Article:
Sunday, October 5, 2014

State Of Wonder

Book Review : State Of Wonder
Author : Ann Patchett
My Rating : 2 out of 5 stars

There was a time when I used to read a lot of fiction. The books I liked are generally not considered “literature”, and that does not bother me a bit. I still remember the immense joy I got from reading Frederick Forsyth’s books - the depth of the plot, the suspense that you never knew was there, the painstaking research, the smart structure of the storyline that makes it impossible to put the book down. I slowly lost interest in reading fiction, as my favorite authors couldn’t keep up the quality, maybe because they were getting older.. I couldn’t find new authors of the same caliber, and slowly I became interested in reading only non-fiction, maybe because I am getting older.

Once in a while, I try reading a fiction, but almost always end up dissatisfied. When I saw the glowing reviews of “State Of Wonder”, I had to read it. People magazine thinks "the reader will start re-reading the book upon completion". Time magazine said, "the story speeds along like a literary thriller". Even NPR praised it. The author Ann Patchett has won numerous awards for her books, and this one was a national bestseller.

After reading “State Of Wonder”, I am not only dissatisfied as I was in other cases, but I am also angry - extremely angry - at these deceiving reviews. I know very well that reviews are subjective. I write a lot of them, and they are full of my subjective opinions. This book also has hundreds of five star reviews on Amazon, so I know I am in minority. But I still think, it’s intellectually dishonest to praise this book so much. Because the plot holes and loose ends are not subjective. The factual mistakes are not subjective. When hard to believe situations are not explained, the lack of explanation is not subjective.

Dr Marina Singh works as a research scientist  for a pharmaceutical company. Her co-worker Anders is sent to Amazon, to track down another employee Dr. Swenson, who for many years, has been conducting secret research on a lucrative drug. Unfortunately, Anders dies due to illness, but the letter announcing his death from Dr. Swenson lacks details. Marina is asked by his wife to go to Amazon, to find out what happened. The book is the story of Marina’s journey and her coming to terms with her past. It also makes a feeble attempt at raising some important questions about medical research.

There are positives. Author Ann Patchett has a knack of expressing what Marina felt at that moment. She also manages to create the sense of place. You feel you are transported to the Amazon jungle.

Style, sadly, cannot mask the lack of substance. If you are in a book club, this book will serve very nicely as a launching pad for passionate discussions. Morality of drug research is a tough and troubling topic. But we get to hear only one side of the debate, the views of Dr. Swenson. That’s not enough to support the claim about how the book poses “bioethical arguments”.

The characters are not very likeable. Now, that alone is not reason to dislike the book. I have liked many movies (e.g American Beauty) where not a single character was likeable. But here, the characters are flat, and except Marina, there is hardly any explanation for the behavior of anyone else. The tribe is Amazon is in awe of Dr Swenson, and meekly submit themselves to her experiments, even though she cannot speak their language. Why? Why do they respect or fear her? No, you won’t find it explained.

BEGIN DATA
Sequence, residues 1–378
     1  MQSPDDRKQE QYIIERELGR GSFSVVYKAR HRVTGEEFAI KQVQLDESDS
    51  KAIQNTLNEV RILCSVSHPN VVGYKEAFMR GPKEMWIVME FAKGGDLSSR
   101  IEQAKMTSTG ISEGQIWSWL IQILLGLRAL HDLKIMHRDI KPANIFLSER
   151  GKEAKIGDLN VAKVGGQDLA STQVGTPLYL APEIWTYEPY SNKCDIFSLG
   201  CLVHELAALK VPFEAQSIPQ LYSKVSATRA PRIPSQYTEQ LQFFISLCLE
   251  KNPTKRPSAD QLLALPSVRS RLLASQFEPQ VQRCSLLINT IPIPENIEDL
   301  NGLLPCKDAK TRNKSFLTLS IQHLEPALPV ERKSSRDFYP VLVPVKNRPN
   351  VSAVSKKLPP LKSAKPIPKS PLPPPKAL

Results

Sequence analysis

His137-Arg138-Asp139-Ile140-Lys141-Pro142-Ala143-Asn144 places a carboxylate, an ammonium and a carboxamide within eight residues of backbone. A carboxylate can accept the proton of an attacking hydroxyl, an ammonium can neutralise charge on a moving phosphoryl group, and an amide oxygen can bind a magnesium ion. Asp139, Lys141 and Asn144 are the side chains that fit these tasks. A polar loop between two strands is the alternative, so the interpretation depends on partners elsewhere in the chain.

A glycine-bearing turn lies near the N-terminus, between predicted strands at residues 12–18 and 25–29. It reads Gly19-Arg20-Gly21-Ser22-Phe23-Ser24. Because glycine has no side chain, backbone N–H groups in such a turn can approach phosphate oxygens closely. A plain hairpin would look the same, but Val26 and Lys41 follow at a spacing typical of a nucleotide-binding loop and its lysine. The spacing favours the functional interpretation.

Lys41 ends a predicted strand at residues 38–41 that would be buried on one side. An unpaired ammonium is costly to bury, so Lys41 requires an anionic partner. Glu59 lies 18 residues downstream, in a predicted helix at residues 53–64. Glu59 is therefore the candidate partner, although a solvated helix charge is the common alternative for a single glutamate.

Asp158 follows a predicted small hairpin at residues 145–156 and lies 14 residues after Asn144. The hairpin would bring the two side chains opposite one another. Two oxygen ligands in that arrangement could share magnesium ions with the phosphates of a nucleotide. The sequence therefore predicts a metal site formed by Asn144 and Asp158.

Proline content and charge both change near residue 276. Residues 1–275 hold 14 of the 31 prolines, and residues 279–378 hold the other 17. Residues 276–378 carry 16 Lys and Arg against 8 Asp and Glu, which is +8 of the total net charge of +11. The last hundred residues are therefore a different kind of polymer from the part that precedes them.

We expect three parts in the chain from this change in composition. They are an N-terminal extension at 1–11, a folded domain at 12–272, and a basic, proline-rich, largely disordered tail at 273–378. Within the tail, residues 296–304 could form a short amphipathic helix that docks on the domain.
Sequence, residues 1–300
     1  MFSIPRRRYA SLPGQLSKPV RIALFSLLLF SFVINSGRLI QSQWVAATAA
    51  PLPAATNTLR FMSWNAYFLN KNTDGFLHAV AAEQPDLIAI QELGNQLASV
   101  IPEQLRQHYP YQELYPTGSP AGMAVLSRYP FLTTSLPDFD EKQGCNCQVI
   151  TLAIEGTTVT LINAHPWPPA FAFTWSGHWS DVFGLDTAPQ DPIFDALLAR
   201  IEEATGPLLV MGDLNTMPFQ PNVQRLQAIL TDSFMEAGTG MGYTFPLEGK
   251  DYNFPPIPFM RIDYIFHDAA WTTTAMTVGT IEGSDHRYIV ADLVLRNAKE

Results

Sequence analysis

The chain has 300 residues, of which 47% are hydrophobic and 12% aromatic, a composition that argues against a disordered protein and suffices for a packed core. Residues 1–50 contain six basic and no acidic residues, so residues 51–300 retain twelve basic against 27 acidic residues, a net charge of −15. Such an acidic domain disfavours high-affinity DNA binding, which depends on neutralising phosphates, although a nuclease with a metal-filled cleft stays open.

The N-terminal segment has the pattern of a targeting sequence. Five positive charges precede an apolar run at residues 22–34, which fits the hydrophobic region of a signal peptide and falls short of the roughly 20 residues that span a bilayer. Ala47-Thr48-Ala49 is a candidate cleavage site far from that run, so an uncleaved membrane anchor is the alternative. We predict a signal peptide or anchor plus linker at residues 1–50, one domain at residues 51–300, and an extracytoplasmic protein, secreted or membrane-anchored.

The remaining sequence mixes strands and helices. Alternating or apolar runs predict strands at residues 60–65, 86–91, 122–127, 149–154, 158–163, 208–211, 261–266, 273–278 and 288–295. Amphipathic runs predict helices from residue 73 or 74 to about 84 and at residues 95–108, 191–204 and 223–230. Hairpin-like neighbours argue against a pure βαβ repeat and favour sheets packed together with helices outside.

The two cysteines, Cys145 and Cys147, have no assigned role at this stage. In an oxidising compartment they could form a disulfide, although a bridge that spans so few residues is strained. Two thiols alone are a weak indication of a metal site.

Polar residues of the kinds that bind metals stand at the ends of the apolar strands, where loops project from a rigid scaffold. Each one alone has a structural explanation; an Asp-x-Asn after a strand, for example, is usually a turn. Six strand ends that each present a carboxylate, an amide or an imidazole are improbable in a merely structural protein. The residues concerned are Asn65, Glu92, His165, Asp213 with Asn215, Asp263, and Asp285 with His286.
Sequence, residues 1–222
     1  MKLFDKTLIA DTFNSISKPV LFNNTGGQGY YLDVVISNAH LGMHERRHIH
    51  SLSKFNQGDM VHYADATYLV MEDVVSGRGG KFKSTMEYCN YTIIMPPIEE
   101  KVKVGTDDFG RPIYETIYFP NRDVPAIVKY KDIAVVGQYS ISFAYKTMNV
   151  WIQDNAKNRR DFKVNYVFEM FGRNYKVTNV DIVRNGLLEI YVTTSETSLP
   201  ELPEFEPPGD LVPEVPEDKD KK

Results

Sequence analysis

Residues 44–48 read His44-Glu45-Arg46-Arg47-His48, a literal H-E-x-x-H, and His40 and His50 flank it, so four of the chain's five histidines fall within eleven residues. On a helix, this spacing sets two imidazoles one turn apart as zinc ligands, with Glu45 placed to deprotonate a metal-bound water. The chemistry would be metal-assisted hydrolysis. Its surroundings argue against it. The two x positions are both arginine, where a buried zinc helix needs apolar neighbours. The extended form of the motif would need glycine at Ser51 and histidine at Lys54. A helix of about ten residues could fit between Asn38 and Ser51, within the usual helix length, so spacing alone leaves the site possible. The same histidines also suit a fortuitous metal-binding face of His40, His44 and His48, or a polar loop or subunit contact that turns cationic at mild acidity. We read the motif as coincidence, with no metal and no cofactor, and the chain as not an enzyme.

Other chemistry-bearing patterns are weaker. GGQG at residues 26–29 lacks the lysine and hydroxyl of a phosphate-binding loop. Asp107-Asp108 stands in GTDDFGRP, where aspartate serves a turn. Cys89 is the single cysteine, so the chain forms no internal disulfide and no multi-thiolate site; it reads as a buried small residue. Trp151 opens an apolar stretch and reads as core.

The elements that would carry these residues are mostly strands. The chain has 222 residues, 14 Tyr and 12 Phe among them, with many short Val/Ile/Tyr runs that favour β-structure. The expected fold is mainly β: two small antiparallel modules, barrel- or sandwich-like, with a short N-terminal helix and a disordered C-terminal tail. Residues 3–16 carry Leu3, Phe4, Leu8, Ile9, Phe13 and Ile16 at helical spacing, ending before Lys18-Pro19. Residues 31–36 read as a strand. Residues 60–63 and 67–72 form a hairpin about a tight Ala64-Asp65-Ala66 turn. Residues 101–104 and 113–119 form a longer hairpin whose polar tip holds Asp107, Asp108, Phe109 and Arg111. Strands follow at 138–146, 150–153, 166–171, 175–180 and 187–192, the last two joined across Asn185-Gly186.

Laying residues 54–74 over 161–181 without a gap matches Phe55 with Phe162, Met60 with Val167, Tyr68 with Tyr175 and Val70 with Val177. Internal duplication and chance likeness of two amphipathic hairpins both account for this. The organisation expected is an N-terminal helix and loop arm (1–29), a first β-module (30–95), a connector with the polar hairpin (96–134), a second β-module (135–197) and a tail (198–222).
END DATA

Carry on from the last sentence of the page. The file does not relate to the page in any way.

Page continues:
The factual errors are mind boggling. First a small one - in Marina’s dream, she finds herself with her Indian father in Calcutta where she hears Hindi all around her. No, Ms Patchett, it’s very unlikely. They speak Bengali there. Maybe it’s a small slip. Then Marina, who is a doctor, keeps taking Lariam as prevention against Malaria, in spite of the nightmares. I am not a doctor, but I know that there is an alternative called Doxycycline. I took it when I went to Kenya. Shouldn’t she have tried that? Dr. Swenson runs a medical research facility in the heart of Amazon jungle. Where does she get the electricity to keep the freezers running? Dr Swenson also realizes in the end that there is a reason why nature doesn’t want women to get pregnant at a very old age. Really? For a doctor who has been researching women fertility for decades, seeing old women in a tribe going through child birth as her research subjects, this comes as a realization when she herself becomes old? As you can see, this is neither nit picking, nor subjective complaints.

The book is no thriller. It’s extremely boring in many sections, and simply takes forever to proceed. Unlike the Time magazine’s claim that it reaches "a tremendous crescendo", what it reaches is height of unbelievability. The author succeeds in maintaining the suspense, but when it’s revealed, it’s just revealed. Then the book winds down in 15 pages, without an iota of explanation as to what exactly happened.

The correct title for the book should have been “State Of Unexplained”. It’s high on feeling, and low on thinking. Of course, I do not recommend this book at all. I am forever going to be suspicious of reviews written in all the magazines and newspapers.

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